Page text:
What Is Portfolio Balancing?

Rebalancing a portfolio is done to realign the asset allocation back to its original target or desired allocation. Over time, the values of different investments in a portfolio may change at different rates, causing the asset allocation to deviate from the intended proportions. By rebalancing, investors aim to manage risk and maintain their desired level of diversification, ensuring that their portfolio remains in line with their investment goals and risk tolerance.

It’s easy to see the consequences of not rebalancing if you look at what happens to the asset allocation of a classic 60/40 equity/bond portfolio when there is no rebalancing.  At the end of 30 years, the equities have grown to represent 80% of the portfolio and after 50 years 90%. In fact, for some investors, this increase in the portfolio`s risk and volatility may not be a problem but certainly for a retirement portfolio conventional wisdom is that the older you are the more bonds you should hold, so the idea of holding a portfolio dominated by equities may make some retirees uncomfortable.


The effect of not rebalancing a more complex portfolio can be seen below.  The best-performing asset class will ultimately dominate the portfolio. This may not be the worst outcome but portfolios are the result of extensive research and simulation in order to produce a specific balance between risk (volatility) and growth and periodic rebalancing is assumed.



How Often Should You Rebalance?

The frequency of portfolio rebalancing depends on individual investment goals, risk tolerance, and market conditions. There’s no one-size-fits-all answer, but here are some general guidelines:

  • Time-based rebalancing: Some investors choose to rebalance on a fixed schedule, like quarterly, semi-annually, or annually. This approach helps maintain discipline and keeps the portfolio in check over time.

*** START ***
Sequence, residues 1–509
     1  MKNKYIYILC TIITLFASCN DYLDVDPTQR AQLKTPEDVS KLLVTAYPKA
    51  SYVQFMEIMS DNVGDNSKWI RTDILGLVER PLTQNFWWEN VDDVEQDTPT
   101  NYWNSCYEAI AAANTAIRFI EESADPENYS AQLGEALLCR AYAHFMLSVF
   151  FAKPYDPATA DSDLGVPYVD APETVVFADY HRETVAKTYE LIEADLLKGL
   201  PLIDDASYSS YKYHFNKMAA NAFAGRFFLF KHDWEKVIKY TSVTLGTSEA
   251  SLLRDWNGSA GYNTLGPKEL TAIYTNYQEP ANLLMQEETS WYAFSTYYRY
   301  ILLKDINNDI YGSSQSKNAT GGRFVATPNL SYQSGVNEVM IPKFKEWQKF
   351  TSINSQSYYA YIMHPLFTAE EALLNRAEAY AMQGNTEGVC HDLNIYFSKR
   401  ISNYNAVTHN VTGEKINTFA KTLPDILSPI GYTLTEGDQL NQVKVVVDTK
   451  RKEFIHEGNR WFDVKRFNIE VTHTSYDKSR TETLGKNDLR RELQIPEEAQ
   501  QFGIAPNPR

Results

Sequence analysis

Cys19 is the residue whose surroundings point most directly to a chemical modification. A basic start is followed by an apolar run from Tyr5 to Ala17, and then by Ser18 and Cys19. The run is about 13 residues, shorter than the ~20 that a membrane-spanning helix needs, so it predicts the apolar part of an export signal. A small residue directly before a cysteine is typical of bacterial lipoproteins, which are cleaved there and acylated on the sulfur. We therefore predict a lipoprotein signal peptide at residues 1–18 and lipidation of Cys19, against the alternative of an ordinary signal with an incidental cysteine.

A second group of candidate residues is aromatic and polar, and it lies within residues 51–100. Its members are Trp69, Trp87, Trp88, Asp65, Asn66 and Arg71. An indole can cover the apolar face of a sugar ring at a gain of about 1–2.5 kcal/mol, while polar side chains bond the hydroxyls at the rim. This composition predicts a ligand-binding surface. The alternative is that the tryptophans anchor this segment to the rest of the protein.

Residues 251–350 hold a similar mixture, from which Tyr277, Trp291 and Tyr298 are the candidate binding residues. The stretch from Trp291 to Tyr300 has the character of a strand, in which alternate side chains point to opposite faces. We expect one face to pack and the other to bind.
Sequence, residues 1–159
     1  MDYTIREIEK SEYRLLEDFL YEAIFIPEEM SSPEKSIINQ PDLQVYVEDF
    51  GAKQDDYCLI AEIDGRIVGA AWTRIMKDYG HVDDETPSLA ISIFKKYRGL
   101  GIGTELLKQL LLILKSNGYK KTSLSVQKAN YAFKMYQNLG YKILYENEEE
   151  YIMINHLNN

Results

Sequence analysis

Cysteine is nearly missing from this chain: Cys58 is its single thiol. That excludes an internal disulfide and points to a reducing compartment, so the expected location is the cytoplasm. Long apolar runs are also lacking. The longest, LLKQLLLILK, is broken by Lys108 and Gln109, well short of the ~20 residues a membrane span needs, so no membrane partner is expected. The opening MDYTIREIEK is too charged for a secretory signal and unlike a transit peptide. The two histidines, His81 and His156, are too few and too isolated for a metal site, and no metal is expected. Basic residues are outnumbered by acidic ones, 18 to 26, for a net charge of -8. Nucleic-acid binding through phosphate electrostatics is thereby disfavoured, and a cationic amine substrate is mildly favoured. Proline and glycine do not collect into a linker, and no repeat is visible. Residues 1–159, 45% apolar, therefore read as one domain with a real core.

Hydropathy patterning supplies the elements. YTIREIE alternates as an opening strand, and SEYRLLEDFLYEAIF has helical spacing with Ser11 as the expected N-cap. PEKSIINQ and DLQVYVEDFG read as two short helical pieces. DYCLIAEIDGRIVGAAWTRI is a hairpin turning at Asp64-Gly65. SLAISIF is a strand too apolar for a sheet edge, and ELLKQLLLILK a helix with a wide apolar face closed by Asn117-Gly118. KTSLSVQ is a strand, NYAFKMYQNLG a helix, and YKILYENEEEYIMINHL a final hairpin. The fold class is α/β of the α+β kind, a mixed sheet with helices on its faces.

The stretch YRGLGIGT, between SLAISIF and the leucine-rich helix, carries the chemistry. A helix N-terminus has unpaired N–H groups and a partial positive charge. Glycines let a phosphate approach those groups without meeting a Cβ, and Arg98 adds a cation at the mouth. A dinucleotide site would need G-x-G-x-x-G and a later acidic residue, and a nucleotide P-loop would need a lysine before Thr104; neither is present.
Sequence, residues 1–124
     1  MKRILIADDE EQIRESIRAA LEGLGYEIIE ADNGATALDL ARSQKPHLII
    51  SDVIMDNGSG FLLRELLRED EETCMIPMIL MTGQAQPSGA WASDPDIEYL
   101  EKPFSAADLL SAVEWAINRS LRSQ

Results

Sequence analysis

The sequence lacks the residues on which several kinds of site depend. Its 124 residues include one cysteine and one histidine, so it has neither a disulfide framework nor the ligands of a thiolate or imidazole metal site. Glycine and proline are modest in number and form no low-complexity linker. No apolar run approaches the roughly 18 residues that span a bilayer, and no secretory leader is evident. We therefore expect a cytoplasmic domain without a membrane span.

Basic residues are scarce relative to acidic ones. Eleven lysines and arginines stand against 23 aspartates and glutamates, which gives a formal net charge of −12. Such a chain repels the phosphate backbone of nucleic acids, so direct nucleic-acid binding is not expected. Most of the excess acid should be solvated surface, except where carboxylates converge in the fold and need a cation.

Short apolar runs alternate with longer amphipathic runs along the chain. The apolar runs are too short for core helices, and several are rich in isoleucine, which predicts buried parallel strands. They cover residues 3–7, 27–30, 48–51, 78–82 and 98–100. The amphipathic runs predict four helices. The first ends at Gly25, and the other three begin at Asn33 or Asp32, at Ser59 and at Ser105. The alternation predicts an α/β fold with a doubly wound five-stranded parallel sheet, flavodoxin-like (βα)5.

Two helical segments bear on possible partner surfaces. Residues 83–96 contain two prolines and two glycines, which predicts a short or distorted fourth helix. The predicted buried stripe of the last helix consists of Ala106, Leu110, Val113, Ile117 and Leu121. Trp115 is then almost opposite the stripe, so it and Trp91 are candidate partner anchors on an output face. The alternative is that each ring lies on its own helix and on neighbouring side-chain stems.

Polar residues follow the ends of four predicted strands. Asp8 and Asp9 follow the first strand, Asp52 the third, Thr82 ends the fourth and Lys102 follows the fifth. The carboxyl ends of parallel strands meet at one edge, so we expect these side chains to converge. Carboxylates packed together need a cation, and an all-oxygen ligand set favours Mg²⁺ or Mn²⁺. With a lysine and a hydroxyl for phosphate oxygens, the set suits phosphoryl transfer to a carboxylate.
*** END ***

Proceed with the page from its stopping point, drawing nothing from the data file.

• Percentage-based rebalancing: Another method is to rebalance when the asset allocation deviates from the target by a certain percentage, like 5% or 10%. This approach allows for more flexibility, and you’ll rebalance only when significant deviations occur.
  • Combination approach: Some investors use a combination of time-based and percentage-based rebalancing, which provides a balance between discipline and flexibility.

Ultimately, the key is to avoid excessive trading and excessive costs associated with frequent rebalancing. Regularly reviewing your portfolio’s performance and rebalancing when needed can help ensure it stays aligned with your investment objectives.

How Does Rebalancing Influence a Portfolio`s Growth Rate?

Many years ago I remember reading an article promoting the merits of bond/equity portfolios and it was stated that although bonds might have a 4% average return and equities 8% giving a 50/50 portfolio, in theory,  an average annual return of 6% but this would be boosted by at least 0.5% due to rebalancing. The argument is that forcing you to buy low and sell high will boost returns and will also overcome an investor`s natural tendency to do the complete opposite.

In fact, portfolio rebalancing can have an impact on its growth rate, but the effect is not straightforward and depends on various factors, including market conditions, the frequency of rebalancing, and the assets’ performance.